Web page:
ADD / ADHD Treatment, Dyslexia Treatment, Food and Drink

Omega-3 and Omega-6 fish oils have been promoted not only for dyslexia and ADHD but also heart disease,high blood pressure, rheumatoid arthritis, asthma, bipolar disorder and cancer. In some cases there is good evidence to support fish oils as a treatment and in others the evidence is unclear. But what are the health risks of taking fish oils? Lots of producers of fish-oil capsules promote large dosages of supplements so are there any side effects from fish oils?

The US National Institute of Health classifies low intake of omega-3 fatty acids from fish as “Generally Regarded as Safe”. However they do highlight certain fish oil side effects that may trouble some people. The omega-3 in the fish oil may increase the risk of bleeding when taken in large doses. The bleeding can take the form of strokes, nosebleeds and blood in the urine. As the fish oils seem to decrease platelet aggregation, bleeding times may be longer.

A major worry with fish oils and the fish they are created from is poisoning from heavy metal and other pollutants. Mercury, dioxins and polychlorinated biphenyls (PCBs) are found in some species of fish. However, mostly this fish oil side effect is associated with eating fish directly as the oil, even in contaminated fish, carries little of the pollutants.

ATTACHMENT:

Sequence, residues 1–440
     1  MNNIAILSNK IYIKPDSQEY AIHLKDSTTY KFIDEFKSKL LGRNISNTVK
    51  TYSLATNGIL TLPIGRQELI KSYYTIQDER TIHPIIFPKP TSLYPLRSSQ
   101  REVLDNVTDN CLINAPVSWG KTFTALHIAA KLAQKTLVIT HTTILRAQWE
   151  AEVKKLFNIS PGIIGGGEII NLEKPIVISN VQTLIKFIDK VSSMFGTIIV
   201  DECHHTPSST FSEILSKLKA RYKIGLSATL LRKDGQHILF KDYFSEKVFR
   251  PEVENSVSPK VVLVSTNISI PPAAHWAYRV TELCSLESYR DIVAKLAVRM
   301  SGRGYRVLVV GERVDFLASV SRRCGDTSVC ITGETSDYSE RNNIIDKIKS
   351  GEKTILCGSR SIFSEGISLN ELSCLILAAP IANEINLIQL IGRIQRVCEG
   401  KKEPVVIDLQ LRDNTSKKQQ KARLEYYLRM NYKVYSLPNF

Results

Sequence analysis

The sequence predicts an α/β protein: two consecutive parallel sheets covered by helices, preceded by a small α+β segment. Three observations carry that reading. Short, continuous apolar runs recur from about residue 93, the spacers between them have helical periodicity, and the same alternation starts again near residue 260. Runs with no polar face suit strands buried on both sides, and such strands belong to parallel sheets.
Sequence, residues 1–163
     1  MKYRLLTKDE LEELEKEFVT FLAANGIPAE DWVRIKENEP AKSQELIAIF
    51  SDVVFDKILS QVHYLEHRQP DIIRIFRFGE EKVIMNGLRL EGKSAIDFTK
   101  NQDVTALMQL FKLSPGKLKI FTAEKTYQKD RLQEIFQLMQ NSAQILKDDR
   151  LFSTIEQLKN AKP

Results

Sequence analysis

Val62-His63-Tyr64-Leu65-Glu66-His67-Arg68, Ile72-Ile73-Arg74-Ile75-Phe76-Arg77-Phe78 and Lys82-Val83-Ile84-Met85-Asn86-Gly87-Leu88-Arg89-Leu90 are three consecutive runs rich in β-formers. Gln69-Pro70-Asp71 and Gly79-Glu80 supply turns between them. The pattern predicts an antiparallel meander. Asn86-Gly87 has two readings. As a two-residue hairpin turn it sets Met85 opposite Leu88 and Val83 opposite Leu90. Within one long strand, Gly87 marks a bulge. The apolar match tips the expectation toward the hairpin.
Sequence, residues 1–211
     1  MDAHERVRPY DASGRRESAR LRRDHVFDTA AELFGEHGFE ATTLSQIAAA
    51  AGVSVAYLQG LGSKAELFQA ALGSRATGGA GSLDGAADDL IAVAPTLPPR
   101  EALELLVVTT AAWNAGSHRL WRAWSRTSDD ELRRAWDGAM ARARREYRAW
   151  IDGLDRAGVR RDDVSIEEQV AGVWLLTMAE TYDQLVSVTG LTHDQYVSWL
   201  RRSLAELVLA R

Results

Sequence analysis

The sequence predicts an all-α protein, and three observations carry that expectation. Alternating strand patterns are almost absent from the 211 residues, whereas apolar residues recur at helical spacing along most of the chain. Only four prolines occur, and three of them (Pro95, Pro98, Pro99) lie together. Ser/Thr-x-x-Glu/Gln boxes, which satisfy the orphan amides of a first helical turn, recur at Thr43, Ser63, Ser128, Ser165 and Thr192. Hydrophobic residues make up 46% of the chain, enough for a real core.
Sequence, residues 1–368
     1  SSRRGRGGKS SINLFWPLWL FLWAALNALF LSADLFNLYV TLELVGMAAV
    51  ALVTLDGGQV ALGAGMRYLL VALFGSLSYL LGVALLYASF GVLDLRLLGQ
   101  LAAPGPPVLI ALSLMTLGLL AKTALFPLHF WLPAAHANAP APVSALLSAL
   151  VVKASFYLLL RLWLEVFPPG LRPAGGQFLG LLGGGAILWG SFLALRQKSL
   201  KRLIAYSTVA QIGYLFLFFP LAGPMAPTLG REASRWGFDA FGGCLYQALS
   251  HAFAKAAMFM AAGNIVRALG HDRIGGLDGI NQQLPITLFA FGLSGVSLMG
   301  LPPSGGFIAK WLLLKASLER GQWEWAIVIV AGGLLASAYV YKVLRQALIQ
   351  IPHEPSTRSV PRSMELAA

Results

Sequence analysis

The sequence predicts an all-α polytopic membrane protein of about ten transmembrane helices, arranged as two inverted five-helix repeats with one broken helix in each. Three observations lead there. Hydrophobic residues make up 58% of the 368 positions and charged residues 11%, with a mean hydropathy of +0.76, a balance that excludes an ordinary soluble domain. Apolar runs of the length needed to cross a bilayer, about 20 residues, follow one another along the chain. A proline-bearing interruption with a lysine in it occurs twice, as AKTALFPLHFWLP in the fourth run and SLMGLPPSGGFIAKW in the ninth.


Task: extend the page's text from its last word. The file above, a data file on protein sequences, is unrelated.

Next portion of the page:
Stomach upset are a common side effect of fish oil supplements. Diarrhea may also occur, with potentially severe diarrhea at very high doses. There are also reports of increased burping, acid reflux/heartburn/indigestion, abdominal bloating, and abdominal pain. Fishy aftertaste is a common effect. Gastrointestinal side effects can be minimized if fish oils are taken with meals and if doses are started low and gradually increased.

People with low blood pressure or those taking blood-pressure reducing medicines should take care. One of the reported side effects of fish oil is a reduction of blood pressure. The impact on blood pressure appears to be dose dependent.

Vitamin E plays a part in metabolizing omega acids so large doses of fish oil place high demands on the body’s vitamin E supply. To avoid this fish oil side effect, vitamin E is added to many commercial fish oil products. As a result, regular use of vitamin E-enriched products may lead to elevated levels of this fat-soluble vitamin. Fish liver oil contains the fat-soluble vitamins A and D, and therefore fish liver oil products (such as cod liver oil) may increase the risk of vitamin A or D toxicity.

One side effect of fish oils and their fatty acids is an increase low-density lipoprotein levels (“bad cholesterol”) by 5-10%. This is dependent on the dose used. The oils have also been noted to have an effect on blood glucose levels in people with Type 2 / Adult Onset Diabetes but this is short-term and no long-term effects have been reported.

Overall omega-3 and 6 rich fish oils have few side effects and can be considered safe the vast majority of the population.

Source: Omega-3 fatty acids, fish oil, alpha-linolenic acid from the NIH.
See also: The Omega-3 Diet, ALA to DHA: The Fish Oil Alphabet and The Incredible Brain: A Miner Recovered.